The first is a distant view, looking back along the coast with Newport, RI in the hazy distance. It was the demo painting for the students I was with, as I turned, I saw the water churning in a little inlet beneath. So both were done standing in the same spot, I just had to turn the easel around.
This painting started as a demo, at one of the best places in the world, Sweetberry Farm over in Middletown. It was the first day outside for the Tuesdaymorning class so I had us all do the same composition- talking about starting with a simple composition and just enjoying the color mixing that creates space.
Well, Sunday morning was a great day for painting Cows. The girls were gathered the whole time as we quickly tried to capture their beautiful bulkiness. They seemed to enjoy our company as they didn’t venture far from us. As the weather started to turn and get colder and clouds were coming in, they decided to lie down one by one, by the end leaving only a couple to do the work.
I went out painting as the buds were just coming out on the trees. There was a hint of color appearing other than the muted greys of the winter season. I went to my favorite spot over in Jamestown, in search of some cows to paint but the girls weren’t around. A day later, I had driven by again on cow alert, I ran into the farm’s caretaker and he broke the news that some had “gone to pasture” to allow the aging owner with a more manageable farm.
Living in my new spot, in South County of Rhode Island, the visual potentials are endless and I look forward to sharing them with you.
Here are some new little prints I did in hopes that someday they may be big paintings. Sometimes, just an artistic burst is enough to relieve me of future endeavors. I have to admit, I loved the plates before printing more so but with a print I always like the surprise after it comes through the press. Though I feel a bit guilty at the lack of control of the outcome.
There’s still a couple of months left of this indoor weather for us New Englanders. It’s a great time for gathering inspiration, go elsewhere and no, not on vacation. We are lucky to live in a wonderful community with so many close things to do near us.
I am supposed to write about painting tips, my tip is: don’t paint—GO LOOK!!
As artists, we are to observe…so, put down the paintbrush and go observe. Stop looking at that still life that you’ve been working on forever. That can only go so far. Go open your eyes to the world beyond and what others have done or are doing. We are very fortunate to live where we do. Close by (New Bedford, Providence, Newport) are little galleries by local artists as well as some very inspiring museums.
Rhode Island School of Design’s museum is really a great little museum offering quite a bit of eye candy, from the present time to way back. It always has such a nice variety of different styles of different mediums from different periods. It’s truly an artistic goldmine!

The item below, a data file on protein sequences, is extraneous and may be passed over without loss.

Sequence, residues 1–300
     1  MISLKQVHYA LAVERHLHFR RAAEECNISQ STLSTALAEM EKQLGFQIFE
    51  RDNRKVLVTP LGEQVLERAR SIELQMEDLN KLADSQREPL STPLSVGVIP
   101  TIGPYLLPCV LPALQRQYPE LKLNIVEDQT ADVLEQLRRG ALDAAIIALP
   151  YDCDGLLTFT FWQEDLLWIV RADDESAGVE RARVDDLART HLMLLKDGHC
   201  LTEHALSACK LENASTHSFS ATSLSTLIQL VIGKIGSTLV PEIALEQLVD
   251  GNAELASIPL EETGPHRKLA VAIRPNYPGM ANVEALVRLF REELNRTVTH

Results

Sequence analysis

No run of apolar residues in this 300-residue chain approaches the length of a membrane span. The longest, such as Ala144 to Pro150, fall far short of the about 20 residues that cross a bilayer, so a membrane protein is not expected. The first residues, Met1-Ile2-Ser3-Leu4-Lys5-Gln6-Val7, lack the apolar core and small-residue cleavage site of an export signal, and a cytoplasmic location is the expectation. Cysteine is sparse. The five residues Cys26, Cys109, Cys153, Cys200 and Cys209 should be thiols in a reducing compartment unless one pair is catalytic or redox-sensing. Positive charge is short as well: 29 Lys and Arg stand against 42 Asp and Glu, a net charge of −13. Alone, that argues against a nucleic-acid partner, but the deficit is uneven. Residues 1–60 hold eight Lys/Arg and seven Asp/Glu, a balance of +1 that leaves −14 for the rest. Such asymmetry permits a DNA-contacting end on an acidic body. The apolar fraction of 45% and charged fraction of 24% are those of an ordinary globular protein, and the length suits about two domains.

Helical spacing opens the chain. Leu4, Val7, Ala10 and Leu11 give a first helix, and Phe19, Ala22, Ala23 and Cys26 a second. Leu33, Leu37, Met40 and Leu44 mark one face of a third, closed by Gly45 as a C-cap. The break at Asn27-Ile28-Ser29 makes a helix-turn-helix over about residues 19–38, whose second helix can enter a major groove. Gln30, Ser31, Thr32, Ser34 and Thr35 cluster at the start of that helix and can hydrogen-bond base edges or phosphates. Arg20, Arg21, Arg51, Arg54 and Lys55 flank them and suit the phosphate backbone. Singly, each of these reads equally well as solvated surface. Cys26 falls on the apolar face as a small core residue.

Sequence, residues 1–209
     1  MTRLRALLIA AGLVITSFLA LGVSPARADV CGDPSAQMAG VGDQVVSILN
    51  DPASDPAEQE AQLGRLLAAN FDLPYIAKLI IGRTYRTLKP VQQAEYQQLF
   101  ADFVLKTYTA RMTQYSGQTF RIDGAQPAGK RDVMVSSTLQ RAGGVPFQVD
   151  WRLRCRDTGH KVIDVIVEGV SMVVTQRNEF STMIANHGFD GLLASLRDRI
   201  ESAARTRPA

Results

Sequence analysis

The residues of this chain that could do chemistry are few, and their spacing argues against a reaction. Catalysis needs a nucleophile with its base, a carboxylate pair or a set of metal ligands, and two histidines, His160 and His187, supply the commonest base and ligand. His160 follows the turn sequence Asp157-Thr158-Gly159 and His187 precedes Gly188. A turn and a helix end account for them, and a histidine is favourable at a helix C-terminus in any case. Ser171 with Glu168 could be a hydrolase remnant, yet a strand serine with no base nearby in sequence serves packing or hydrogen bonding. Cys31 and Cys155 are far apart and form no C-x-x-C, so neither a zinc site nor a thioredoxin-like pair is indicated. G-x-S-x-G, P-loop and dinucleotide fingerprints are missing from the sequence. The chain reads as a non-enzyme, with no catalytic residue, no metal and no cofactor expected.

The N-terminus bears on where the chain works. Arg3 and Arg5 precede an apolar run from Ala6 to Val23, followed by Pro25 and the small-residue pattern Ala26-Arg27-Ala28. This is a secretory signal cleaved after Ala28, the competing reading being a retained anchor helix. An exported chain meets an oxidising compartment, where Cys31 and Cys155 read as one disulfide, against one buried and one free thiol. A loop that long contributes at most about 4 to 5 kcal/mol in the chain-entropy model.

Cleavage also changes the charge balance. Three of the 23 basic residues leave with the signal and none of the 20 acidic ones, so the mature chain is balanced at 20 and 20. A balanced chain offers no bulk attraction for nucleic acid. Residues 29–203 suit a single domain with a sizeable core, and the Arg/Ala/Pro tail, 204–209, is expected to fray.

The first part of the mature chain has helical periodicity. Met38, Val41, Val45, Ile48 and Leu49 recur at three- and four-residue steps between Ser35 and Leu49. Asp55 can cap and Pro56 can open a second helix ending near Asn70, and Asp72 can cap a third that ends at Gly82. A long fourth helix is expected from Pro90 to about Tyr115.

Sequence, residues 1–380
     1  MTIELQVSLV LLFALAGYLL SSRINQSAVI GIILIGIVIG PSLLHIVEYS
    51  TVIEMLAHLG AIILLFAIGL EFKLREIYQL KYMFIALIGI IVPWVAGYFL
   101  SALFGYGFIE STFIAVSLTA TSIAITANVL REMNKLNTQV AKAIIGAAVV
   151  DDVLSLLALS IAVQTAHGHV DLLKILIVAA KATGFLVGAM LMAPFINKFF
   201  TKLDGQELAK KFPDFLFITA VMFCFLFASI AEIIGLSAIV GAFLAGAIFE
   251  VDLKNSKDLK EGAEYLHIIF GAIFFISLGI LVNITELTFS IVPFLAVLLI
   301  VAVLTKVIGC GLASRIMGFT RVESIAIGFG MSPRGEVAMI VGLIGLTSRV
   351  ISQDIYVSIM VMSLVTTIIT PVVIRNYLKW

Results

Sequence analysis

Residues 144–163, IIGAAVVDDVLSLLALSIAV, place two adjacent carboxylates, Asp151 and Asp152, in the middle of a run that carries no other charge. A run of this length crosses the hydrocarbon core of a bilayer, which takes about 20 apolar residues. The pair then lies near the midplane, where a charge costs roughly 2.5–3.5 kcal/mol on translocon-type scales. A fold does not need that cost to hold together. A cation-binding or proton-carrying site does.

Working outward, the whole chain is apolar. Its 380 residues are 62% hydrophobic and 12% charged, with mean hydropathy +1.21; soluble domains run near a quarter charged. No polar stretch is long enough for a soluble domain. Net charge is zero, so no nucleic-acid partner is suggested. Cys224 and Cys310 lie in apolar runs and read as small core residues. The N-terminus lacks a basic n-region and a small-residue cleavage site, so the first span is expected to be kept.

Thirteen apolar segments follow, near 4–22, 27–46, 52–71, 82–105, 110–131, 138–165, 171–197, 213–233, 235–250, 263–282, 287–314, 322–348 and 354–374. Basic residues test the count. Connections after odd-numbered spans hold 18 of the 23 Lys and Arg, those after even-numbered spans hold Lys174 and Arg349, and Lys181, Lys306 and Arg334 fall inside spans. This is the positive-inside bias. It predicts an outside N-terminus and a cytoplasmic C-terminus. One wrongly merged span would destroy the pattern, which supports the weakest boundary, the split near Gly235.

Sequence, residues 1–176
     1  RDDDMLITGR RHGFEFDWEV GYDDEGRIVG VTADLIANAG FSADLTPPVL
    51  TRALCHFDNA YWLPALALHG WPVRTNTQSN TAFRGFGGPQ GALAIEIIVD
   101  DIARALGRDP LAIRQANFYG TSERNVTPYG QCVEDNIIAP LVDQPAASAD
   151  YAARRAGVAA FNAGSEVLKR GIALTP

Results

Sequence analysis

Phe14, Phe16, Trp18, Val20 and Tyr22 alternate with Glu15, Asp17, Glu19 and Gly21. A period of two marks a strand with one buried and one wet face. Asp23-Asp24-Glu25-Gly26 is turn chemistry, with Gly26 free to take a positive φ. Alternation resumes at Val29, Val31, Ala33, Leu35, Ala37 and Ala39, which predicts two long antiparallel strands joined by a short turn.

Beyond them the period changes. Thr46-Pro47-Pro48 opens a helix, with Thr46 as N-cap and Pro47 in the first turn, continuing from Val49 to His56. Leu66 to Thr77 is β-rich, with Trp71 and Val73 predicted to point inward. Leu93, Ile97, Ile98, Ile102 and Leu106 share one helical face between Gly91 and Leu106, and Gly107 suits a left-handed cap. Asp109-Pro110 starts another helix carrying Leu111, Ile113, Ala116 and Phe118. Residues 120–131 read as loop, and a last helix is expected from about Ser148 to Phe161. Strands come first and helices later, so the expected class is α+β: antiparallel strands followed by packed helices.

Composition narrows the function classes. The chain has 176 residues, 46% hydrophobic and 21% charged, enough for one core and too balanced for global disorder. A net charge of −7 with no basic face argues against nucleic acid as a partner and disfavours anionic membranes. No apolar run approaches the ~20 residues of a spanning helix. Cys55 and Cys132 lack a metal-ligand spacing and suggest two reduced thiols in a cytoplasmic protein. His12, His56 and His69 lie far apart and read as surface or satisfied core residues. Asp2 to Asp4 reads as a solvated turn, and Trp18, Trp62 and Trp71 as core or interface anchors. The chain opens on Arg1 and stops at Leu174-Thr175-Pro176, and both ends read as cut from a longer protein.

The Newport Art Museum is just the same, a small gem for visual arts. They have a wonderful permanent collection encased in the Griswold House and across the way is the Annual Member’s Show. This year, the member’s show is all inclusive as opposed to years past where it has been a juried entry. You get to see the range of amazing to not so from all over the small state of Rhode Island and bordering states.
Given more time in the day, you could take a trip up to Boston/Cambridge and go to the MFA and/or the galleries of Newbury Street/South End…maybe there is an open studio going on over the weekend up in the Boston communities. Of course if you could afford a couple of days, a New York trip is always the best!!
The point is, go out, LOOK. Look like you’ve never seen before. Get inspired!! It’s important we see what else is out there, good and bad art. It’s important for your enlightenment and inspiration.
Different color wheels, different color theories, from cadmiums being light to dark to the funny name color with a Q that nobody can pronounce – it’s all such a headache!
Here’s an approach to simplify COLOR!
Let’s start by saying “keep it simple”, at least for now, complicate it when you are comfortable at what you are doing.
Values = light, medium and dark.
Primary colors = yellow, red, blue
So with this theory, we consider the most simple true color wheel – the primary colors, yellow, red, and blue, simply using the “crayon box” version of color. The “crayon box” color is when you look at the yellow, it should look like yellow, not yellow orange like a school bus or not lemon yellow that looks like a yellow with white in it but that color you used when you were coloring in the yellow ball of sun on your construction paper as a kid. Rich and vibrant, as a yellow should be.
Stick to the “crayon box” colors for now. The ones where yellow and red are warm and blue is cool.
Do a color wheel, using these colors to mix and find the secondary colors they make. Try to get them to what you know as orange, green and purple (you may have to add a touch of white to the purple as it’s a very dark color.)
Mix these colors with white and their complements then mix them as tones from light to dark. Know what each color does. Mix every shade you can, fill a paper with all the tones of each color. There is a whole variety of colors you haven’t even used before!!
The point is, if you get confused by color and its lingo, limit yourself first and see what they do and live with them for a while. You’ll be surprised at how much you can get with so little.
A way to know COLOR is to just mix away and know what your materials do and how YOU can do it.